CSA Week 6: Feeling Like Summer
News
Expected Harvest
Summer Transition
by Farmer Derek
Main Season Harvest #6 (Week B) should include garlic scapes, scallions, cabbage, zucchini (yellow and green), cucumbers, lettuce, herbs (dill, cilantro, basil, parsley), raspberries, fennel, celery, and greens (chard, kale, dandelion, radicchio, endive). U-pick should include peas, flowers, herbs, and the last of the strawberries.
Notes From The Field
Summertime
by Farmer Derek

Pepper plants freshly staked and mowed thanks to farm staff.
Seasons changed this past week and along with the planet's relative location to the sun along its orbit our farm work begins to transition to more harvesting and crop maintenance and slightly less ground preparation for planting. This translates to a hopefully reduced amount of time I have to spend on the tractor. Harvests transition now as well, with the early summer crops of zucchini and cucumbers beginning to increase exponentially. Strawberries are unfortunately waning but in their place raspberries are coming in. Peas will end soon but beans are ripening and will be in shares for a couple of months if all goes as planned. Turnips, kohlrabi, radishes, endive, escarole, and romaine will exit shares until the fall. Chard, kale, and dandelion should be in shares to satisfy the need for cooking greens. Lettuces will be abundant for a while (our plan is for them to be available the entire season).
Last week was a busy time. With the continued lack of rain irrigation had to be set up and used. Around 5,000 leeks and 2,000 celeriac were planted, along with the 3rd installment of zucchini and cumbers, the 12th planting of lettuces, the 6th of scallions, dill, cilantro, and the 4th of basil and beans. Thousands of bed feet had to be finalized for all of those plants and another few thousand made ready for the 7,000 strawberry plants that are arriving this coming week.
Since we're now in summer it's worth briefly reflecting on spring's treatment of the farm. Overall I think harvests have been good and I'm thankful for that. Some crops suffered from our wettest May ever, such as spinach, which we lost 70% of, and radishes, which split and cracked. Early spring greens like arugula bolted prematurely, I'm assuming from the hot days we endured while the crops were covered to keep insects out. The 1st planting of beets was great, which came out of our movable high tunnel, but numbers 2 and 3 are a bit delayed and smaller than we would like. Peas and strawberries have been as good as we could ask for. We were very lucky the extremely wet weather didn't coincide with the strawberry season. Pea shoots didn't work out as well as I remembered them from years past; they weren't as tender as we would have liked. The turnips coming out of our hoop tunnel were more damaged than is ideal however the kohlrabi was great. Head lettuce, romaine lettuce, endive, escarole, and radicchio have been great. Kale met its potential but Swiss chard did not. We lost the 1st planting to leaf miner and plantings 2-4 were slow growing, perhaps also due to the excess moisture. They're now happier and will be harvested into the foreseeable future. Italian dandelion has been a reliable producer like always.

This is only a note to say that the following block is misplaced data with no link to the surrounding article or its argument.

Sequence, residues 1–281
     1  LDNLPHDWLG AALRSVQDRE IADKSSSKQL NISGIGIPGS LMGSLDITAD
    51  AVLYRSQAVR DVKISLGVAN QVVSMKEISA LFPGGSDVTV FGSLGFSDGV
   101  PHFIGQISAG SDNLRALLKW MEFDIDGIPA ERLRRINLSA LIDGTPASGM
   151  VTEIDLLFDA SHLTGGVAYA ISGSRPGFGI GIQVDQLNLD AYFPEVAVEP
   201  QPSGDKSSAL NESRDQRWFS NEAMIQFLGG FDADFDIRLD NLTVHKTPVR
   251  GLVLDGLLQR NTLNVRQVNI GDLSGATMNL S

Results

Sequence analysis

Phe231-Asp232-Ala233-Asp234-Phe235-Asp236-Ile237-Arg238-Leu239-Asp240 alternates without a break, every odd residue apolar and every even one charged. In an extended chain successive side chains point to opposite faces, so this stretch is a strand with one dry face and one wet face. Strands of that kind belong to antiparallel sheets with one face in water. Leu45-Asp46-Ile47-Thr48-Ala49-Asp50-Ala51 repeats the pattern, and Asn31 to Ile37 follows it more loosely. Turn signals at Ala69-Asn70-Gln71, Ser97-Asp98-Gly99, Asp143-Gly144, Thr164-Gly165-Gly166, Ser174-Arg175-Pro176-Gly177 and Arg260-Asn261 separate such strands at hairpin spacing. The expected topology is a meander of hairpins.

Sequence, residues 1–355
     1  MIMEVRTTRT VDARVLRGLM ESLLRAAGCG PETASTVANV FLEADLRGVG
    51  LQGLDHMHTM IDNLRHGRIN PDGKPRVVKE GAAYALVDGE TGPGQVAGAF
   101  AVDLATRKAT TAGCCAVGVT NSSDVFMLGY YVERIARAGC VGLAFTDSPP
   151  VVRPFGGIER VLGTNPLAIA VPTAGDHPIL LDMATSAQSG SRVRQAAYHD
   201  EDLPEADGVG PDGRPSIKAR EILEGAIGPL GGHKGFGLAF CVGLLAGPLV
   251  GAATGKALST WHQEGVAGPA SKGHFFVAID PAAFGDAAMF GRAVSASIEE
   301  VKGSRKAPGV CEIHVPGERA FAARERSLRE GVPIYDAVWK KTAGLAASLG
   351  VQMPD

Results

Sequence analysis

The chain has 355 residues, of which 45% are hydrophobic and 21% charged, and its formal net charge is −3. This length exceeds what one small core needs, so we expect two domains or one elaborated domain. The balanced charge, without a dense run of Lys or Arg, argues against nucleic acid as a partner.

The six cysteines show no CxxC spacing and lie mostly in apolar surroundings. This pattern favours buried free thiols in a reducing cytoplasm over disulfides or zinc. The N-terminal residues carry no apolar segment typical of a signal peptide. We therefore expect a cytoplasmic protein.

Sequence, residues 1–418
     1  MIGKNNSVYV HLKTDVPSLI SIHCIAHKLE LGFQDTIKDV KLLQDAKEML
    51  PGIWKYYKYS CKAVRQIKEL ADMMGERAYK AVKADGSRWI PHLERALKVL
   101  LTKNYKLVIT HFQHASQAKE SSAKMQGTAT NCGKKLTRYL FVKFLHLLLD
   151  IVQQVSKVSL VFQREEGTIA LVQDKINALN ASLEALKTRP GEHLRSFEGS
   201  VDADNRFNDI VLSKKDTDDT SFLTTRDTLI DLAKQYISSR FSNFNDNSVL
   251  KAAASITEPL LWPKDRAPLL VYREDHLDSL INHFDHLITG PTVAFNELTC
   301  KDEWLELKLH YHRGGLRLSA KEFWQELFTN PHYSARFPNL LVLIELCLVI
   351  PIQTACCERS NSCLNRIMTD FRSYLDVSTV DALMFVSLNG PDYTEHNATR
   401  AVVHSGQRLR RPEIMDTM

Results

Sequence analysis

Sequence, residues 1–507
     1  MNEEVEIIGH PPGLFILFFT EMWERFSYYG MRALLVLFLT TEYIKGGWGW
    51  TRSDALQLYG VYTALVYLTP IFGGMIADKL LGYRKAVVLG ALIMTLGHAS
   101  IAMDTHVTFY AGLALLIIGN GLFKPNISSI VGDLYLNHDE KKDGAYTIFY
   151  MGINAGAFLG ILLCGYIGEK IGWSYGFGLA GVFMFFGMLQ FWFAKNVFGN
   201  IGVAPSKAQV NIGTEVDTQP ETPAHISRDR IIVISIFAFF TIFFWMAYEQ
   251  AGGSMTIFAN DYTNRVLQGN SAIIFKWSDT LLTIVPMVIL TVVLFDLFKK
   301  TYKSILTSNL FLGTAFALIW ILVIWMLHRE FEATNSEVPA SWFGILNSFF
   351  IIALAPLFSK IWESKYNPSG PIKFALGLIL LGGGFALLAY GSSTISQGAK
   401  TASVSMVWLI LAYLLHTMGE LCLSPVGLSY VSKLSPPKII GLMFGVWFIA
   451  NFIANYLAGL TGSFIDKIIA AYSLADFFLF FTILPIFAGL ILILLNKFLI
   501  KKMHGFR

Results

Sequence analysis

Ultimately we hope you've enjoyed the harvests thus far and are excited to eat the next phase of food coming out of our organically managed soils and farm with the help of our farm crew and members and support from our community.
Workshifts for Week of 6/25/18
by Dana Hunting

Workshifts will help pick wonderful raspberries for shares this week!
Workshifts scheduled for this week
  • Tuesday (6/26) 9-11am
  • Wednesday (6/27) 9-11am
  • Wednesday (6/27) 6-8pm
  • Friday (6/29) 9-11am
  • Sunday (7/1) 8-10am
Workshift sign-up instructions may be found here.
Workshifts typically meet under the large red maple just outside of the pick up room. Please wear appropriate clothes and footwear for working outside and bring your own gloves and water.
Thank you!
Upcoming Events
by Farmer Dana
This baby tree frog wants you to come and enjoy the farm and join us for our potluck!
  • Saturday July 14th 6-9pm: Potluck under the pavilion
U Pick Note
By Linda Dansbury
The u-pick flower garden is now open for picking. Pictured above are salvia flowers with buckwheat in the aisles, which will soon be mowed.
I did my U Pick yesterday and it was really pleasant to do so - several of you also spent time in the field. The peas are VERY plentiful!! If you go to the far end of the rows the pea pods are hanging on the ends of the stems like little Christmas ornaments on a tree - you will finish picking your allotment in just a few minutes. If, when you get to the field, others have found those, don't be discouraged - there are a lot, and I mean a lot of pea pods under the plants - walking the rows they are not obvious, but just squat down and you will see them.